Analyzing the three-polarizing-filter experiment as a quantum circuit

In the three-polarizing-filter experiment, two orthogonal polarizing filters block all light but then allow some amount when a third polarizing filter is placed oriented at a 45 degree angle between them.

Can we analyze this experiment through terms familiar to quantum computation? For example, representing photons as being in a superposition of horizontal & vertical polarization, being sent through unitary gates (the polarization filters) with some end measurement giving us a result with probability corresponding to the proportion of photons allowed through. Basically, reducing this experiment to a form which could be written as a quantum circuit!

I ask because it seems like quantum information processing is an "easy" path to reasoning about quantum phenomena, but I cannot see how exactly to apply it in this simple case.

We may simulate the three-polarising-filter experiment as a circuit, in the following way, using qutrits. I will start by describing this as a sequence of transformations (a channel) on qutrits, and then give a circuit which simulates this using qubits. $$\def\ket#1{\left\lvert#1\right\rangle} \def\bra#1{\left\langle#1\right\rvert}$$

The three-polarising-filter experiment as a channel on qutrits

We consider the path that the photon could take in the experiment, and describe the state of this path at each point in terms of a qutrit with state-space spanned by $$\{ \ket\varnothing, \ket H, \ket V \}$$. The state $$\ket\varnothing$$ is the vacuum state, meaning a state with no photons. The states $$\ket H$$ and $$\ket V$$ correspond to having one photon which is horizontally or vertically polarised.

(A more general treatment would allow any finite number of photons, in which case one should instead consider an analysis in terms of creation and annihilation opeeators; for any finite number of qubits or qudits of fixed dimension, we must restrict ourselves to some limited number of photons — here we consider just one.)

1. As input, we can consider an arbitrary single-photon state. The state doesn't even have to be a pure state: we may consider any density matrix as input in the space spanned by $$\{ \ket H, \ket V \}$$.

2. The first filter does not quite 'measure' the photon, as it — well — filters it out. For a horizontally polarised filter, it strips away the vertical component, transforming it to the zero-photon state, and leaves the other 'basis' states unchanged. This realises the following transformation on density operators: $$F_H(\rho) \,=\, \ket\varnothing\!\!\bra\varnothing \,\rho\, \ket\varnothing\!\!\bra\varnothing \,+\, \ket H\!\!\bra H \,\rho\, \ket H \!\!\bra H \,+\, \ket\varnothing\!\!\bra V \,\rho\, \ket V\!\!\bra\varnothing$$ — note the final term above.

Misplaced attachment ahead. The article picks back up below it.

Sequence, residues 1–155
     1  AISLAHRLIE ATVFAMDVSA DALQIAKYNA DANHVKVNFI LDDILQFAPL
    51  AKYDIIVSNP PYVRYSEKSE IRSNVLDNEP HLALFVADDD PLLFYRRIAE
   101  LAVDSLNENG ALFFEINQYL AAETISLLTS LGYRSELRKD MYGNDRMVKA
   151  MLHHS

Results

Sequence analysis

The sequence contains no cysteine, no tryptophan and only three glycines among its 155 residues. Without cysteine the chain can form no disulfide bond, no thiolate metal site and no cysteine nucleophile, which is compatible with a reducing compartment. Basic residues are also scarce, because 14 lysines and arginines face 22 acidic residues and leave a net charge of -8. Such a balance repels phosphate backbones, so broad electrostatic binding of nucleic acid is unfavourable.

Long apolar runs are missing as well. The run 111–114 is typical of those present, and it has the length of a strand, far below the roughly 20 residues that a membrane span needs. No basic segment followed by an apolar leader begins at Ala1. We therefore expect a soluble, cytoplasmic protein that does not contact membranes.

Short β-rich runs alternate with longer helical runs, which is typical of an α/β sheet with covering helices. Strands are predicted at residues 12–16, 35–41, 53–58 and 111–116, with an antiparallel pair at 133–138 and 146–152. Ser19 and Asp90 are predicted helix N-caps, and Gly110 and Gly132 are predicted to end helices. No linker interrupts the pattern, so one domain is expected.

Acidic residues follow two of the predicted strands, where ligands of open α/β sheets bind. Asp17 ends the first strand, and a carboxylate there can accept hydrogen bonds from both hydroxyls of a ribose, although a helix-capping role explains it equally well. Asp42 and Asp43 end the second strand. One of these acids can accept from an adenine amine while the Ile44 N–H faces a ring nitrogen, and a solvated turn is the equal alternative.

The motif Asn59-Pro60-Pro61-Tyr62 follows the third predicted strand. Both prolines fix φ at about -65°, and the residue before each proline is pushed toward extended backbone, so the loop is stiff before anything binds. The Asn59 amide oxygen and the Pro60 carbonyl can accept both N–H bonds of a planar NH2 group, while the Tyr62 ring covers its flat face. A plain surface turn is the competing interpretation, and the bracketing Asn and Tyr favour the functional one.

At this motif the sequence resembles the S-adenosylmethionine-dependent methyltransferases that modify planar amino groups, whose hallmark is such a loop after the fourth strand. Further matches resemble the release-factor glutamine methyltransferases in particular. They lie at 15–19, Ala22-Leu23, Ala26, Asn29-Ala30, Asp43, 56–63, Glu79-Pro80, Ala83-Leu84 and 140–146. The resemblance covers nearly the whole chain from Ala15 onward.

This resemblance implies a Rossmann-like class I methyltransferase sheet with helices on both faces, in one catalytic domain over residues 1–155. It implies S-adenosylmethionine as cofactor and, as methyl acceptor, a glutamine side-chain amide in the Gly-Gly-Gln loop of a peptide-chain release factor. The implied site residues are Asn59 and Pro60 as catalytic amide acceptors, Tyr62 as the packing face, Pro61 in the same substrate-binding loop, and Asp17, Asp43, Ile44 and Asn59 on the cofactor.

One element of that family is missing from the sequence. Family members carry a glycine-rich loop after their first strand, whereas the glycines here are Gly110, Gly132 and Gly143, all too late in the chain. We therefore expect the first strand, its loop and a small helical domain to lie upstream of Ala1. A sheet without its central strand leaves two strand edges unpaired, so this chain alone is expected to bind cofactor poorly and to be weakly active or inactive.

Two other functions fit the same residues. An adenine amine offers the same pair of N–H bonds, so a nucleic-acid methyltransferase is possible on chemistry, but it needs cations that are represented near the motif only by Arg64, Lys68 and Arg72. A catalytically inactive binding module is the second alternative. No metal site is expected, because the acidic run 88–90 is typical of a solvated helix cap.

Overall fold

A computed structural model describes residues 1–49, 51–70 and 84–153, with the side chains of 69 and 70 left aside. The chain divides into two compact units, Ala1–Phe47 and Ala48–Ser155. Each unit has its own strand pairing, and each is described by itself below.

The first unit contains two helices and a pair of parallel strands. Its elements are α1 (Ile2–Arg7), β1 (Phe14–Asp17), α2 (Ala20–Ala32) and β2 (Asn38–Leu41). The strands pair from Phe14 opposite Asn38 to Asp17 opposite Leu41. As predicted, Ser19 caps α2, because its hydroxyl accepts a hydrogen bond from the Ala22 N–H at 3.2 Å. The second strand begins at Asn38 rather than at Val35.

• Note that this transformation is irreversible, and in particular, non-unitary. It is sometimes said of such transformations that they involve an 'implicit measurement'. Sure enough, this transformation could be in an abstract sense simulated by a non-demolition polarisation measurement, followed by a unitary on the state-space which depends on the measurement outcome, and finally by forgetting the measurement outcome so that no explicit trace is left of whether the filtering happened. That could be a way of simulating the filtering operation, e.g. with CNOTs and qubits representing operations on qutrits. But the actual physics is a bit closer to the irreversible map $$F_H$$ itself, that I've described.

3. The second filter acts much the way the first filter does, but in a different basis. Consider the basis $$\{ \ket\varnothing, \ket D, \ket d \}$$, where $$\ket\varnothing$$ is as before and $$\ket D = (\ket H + \ket V) \,/ \sqrt 2$$, $$\ket d = (\ket H - \ket V) \,/ \sqrt 2$$. Then we may analogously define $$F_D(\rho) \,= \,\ket\varnothing\!\!\bra\varnothing \,\rho\, \ket\varnothing\!\!\bra\varnothing + \ket D\!\!\bra D \,\rho\, \ket D \!\!\bra D \,+\, \ket\varnothing\!\!\bra d \,\rho\, \ket d\!\!\bra\varnothing$$ to describe the effect of a polarising filter for $$\ket D$$.

4. The final filter is much as you might now expect: $$F_V(\rho) \,=\, \ket\varnothing\!\!\bra\varnothing \,\rho\, \ket\varnothing\!\!\bra\varnothing \,+\, \ket \varnothing\!\!\bra H \,\rho\, \ket H \!\!\bra \varnothing \,+\, \ket V\!\!\bra V \,\rho\, \ket V\!\!\bra V$$ — note here the second term.